As Corporate America Flees Trump’s Side, MyPillow’s C.E.O. Stands by It

Days after the storming of the Capitol, many American companies, including AT&T, Dow, Airbnb and Morgan Stanley, tried to distance themselves from the political violence by announcing that they would stop giving money to the 147 Republican members of Congress who objected to certifying the election results on Jan. 6.

MyPillow, a bedding company run by Mike Lindell, a fervent supporter of President Trump, has taken a different approach.

On Tuesday, MyPillow was offering a discount code to its customers: “FightForTrump.” Online shoppers who type in the phrase can receive lower prices on the company’s “premium” pillow, “classic” pillow and other products.

The code was available on the day of the siege, when Mr. Lindell attended President Trump’s rally at the Ellipse before the mob moved toward the Capitol building. It is not clear if MyPillow’s “FightForTrump” code was valid before Wednesday.

Mr. Lindell continued to support the protesters in the hours after Mr. Trump’s violent supporters broke into the Capitol. Appearing on Wednesday as a guest on Newsmax, the right-wing cable network, Mr. Lindell described the events of the day as “very peaceful.”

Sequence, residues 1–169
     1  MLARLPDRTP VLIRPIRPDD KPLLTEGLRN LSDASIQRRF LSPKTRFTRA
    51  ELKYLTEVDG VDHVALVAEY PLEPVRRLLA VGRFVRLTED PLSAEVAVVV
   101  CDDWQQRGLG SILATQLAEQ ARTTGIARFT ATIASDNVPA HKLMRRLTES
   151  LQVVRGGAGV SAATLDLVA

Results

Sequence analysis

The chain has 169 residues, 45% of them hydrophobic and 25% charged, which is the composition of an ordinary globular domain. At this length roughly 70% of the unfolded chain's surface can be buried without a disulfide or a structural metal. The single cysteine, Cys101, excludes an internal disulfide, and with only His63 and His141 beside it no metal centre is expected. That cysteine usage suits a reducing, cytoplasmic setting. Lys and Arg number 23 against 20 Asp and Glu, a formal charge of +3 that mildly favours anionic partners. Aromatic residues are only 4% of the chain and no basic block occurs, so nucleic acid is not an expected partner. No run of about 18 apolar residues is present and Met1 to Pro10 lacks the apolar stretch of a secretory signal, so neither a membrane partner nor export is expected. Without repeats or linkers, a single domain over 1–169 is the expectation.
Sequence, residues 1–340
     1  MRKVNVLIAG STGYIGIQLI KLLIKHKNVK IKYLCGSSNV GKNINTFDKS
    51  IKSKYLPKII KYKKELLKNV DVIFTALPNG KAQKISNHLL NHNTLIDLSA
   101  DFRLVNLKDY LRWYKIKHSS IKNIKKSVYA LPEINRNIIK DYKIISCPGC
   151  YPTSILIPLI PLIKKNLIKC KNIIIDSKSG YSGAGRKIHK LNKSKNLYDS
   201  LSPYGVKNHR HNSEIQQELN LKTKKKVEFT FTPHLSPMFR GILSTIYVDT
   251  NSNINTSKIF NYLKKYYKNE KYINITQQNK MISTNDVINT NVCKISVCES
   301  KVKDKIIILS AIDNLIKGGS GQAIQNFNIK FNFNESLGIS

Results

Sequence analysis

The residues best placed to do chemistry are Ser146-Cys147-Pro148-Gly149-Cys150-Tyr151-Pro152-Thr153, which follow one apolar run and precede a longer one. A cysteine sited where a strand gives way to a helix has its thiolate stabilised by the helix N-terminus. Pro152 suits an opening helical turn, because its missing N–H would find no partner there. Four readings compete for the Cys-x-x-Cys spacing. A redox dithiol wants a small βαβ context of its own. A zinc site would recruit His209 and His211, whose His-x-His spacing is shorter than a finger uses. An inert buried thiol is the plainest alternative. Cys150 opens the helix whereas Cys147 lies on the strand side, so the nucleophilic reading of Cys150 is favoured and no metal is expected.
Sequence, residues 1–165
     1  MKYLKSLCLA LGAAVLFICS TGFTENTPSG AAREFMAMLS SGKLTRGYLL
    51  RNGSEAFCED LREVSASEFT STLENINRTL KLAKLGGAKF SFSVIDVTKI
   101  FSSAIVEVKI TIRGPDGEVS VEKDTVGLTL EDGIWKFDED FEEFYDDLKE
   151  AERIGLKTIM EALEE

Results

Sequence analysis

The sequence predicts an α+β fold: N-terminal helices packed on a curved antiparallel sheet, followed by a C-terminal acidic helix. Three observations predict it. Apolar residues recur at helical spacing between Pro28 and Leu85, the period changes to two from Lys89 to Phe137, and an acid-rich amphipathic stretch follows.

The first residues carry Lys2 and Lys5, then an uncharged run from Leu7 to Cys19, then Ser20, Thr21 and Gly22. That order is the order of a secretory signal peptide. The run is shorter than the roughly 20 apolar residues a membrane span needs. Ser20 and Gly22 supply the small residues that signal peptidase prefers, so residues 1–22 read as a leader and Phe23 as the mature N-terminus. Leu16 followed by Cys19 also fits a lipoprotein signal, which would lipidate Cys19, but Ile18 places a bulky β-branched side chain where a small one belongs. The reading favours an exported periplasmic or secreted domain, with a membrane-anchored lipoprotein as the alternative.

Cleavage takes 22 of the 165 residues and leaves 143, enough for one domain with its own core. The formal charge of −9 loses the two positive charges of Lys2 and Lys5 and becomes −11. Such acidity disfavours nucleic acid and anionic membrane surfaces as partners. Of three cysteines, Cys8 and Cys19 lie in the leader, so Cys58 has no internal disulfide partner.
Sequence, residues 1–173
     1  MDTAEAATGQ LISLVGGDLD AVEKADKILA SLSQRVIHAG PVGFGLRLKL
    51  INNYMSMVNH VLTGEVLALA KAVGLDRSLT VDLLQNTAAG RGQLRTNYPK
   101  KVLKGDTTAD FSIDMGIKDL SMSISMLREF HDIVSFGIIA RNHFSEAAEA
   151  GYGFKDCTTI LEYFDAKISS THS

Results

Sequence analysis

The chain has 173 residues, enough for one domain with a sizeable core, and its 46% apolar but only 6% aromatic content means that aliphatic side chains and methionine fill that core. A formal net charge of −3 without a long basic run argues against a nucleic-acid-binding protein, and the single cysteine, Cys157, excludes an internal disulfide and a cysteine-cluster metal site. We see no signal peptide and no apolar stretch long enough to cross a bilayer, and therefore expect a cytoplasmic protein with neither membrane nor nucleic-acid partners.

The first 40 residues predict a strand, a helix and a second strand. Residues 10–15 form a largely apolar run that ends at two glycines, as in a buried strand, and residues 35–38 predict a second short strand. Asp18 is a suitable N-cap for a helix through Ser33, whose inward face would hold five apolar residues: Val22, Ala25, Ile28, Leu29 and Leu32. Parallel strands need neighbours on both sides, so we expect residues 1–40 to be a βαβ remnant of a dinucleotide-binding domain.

“There was probably some undercover antifa that dressed as Trump people and did some damage to windows and got in there,” he added. The Federal Bureau of Investigation said there is “no indication” of any antifa involvement. In the same interview Mr. Lindell claimed that “Donald Trump will be our president for the next four years.”

MyPillow is a major supporter of conservative media. The brand appeared on 16 TV networks from Wednesday through Friday, with 44 percent of its spending going to Fox News, Fox Business and Fox Sports, according to data from MediaRadar. From the day of the Washington riots until Monday, MyPillow spent tens of thousands of ad dollars on Newsmax, according to estimates from iSpot.TV. In the first three quarters of 2020, MyPillow spent more than $62 million on television ads, nearly 99 percent of it going to cable channels such as Fox News, according to Nielsen Ad Intel.

Capitol Riot Fallout

From Riot to Impeachment

The riot inside the U.S. Capitol on Wednesday, Jan. 6, followed a rally at which President Trump made an inflammatory speech to his supporters, questioning the results of the election. Here’s a look at what happened and at the ongoing fallout:

    • This video takes a look inside the siege on the capitol.
    • This timeline shows how a crucial two hour period turned a rally into the riot.
    • Several Trump administration officials, including cabinet members Betsy DeVos and Elaine Chao, announced that they were stepping down as a result of the riot.
    • Federal prosecutors have charged more than 70 people, including some who appeared in viral photos and videos of the riot. Officials expect to eventually charge hundreds of others.
    • House Democrats have begun impeachment proceedings. A look at how they might work.

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